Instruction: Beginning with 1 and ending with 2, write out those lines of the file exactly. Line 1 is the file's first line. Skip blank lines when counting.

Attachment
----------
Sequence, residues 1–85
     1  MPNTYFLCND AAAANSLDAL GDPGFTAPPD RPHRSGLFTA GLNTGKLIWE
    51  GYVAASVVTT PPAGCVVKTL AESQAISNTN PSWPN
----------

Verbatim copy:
Sequence, residues 1–85
     1  MPNTYFLCND AAAANSLDAL GDPGFTAPPD RPHRSGLFTA GLNTGKLIWE